I am a stockpiler of Widgets.  Widgets currently have no use in game other than to take up bank space.  However, word on the street is Widgets will likely be a source of Doodads in the future! So I buy up all the Widgets I can, hoping to make a fortune off of Doodads.  This would be a risk, and reflection would show it being a poor decision if the Widgets did not end up producing Doodads because I have no fallback use for my now-useless Widgets.

Now let's say I am a stockpiler of Pyrite Ore.   Unlike widgets, Pyrite Ore has many uses, and very profitable ones at that.  You can sell it raw, as bars, as weapon chains, as belt buckles, or transmute it into Truegold. You can use it as a good source of Volatile Earth for your belt buckles or prospect it for rare gems. You can trade it for blacksmithing patterns, you can even make pretty pictures in your guild bank with its rainbow colors!

Pyrite would have been a risky investment if it would only have one speculative use. However, the reason I've always considered it a safe investment was that it has so many fallback use possibilities, including the high-demand item of belt buckles and blue quality gems. (Remember, if epic gems are going to be particularly rare, as stated, people will still need a lot of Inferno Rubies!)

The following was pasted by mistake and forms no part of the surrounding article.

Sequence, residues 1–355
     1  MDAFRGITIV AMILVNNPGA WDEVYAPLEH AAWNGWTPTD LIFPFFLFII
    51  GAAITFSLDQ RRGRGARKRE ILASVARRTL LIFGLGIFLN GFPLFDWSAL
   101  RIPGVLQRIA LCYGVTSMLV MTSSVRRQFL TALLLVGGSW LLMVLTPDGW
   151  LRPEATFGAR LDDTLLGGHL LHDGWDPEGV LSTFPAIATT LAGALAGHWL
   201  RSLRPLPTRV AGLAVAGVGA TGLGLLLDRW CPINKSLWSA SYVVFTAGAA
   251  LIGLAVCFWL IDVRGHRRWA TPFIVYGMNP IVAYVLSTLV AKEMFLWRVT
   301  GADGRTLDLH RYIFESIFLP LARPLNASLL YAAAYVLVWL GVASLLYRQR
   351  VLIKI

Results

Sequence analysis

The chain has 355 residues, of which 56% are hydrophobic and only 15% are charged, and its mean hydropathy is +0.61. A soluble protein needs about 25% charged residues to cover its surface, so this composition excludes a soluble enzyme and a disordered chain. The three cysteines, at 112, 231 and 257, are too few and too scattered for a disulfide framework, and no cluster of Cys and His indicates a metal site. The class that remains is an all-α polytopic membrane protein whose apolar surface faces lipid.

Anyone who sells their Pyrite Ore stock at this point is foolish, please don't think your incredibly valuable ore is now worthless because one of its many uses seems unlikely now. (That said, if you see people foolish enough to dump their stock consider picking it up. Players always need more belt buckles!)

Sunday, September 18, 2011

WoW Gold Rush - Tailoring

Getting back to videos now that I'm back to WoW and gold-making!  By request I've done tailoring for this video.   I hope you enjoy it!

If you enjoy the videos please take a moment to subscribe to my Youtube channel, I don't always post every video as a blog post as well so if you want to get the videos as they're released I recommend subscribing!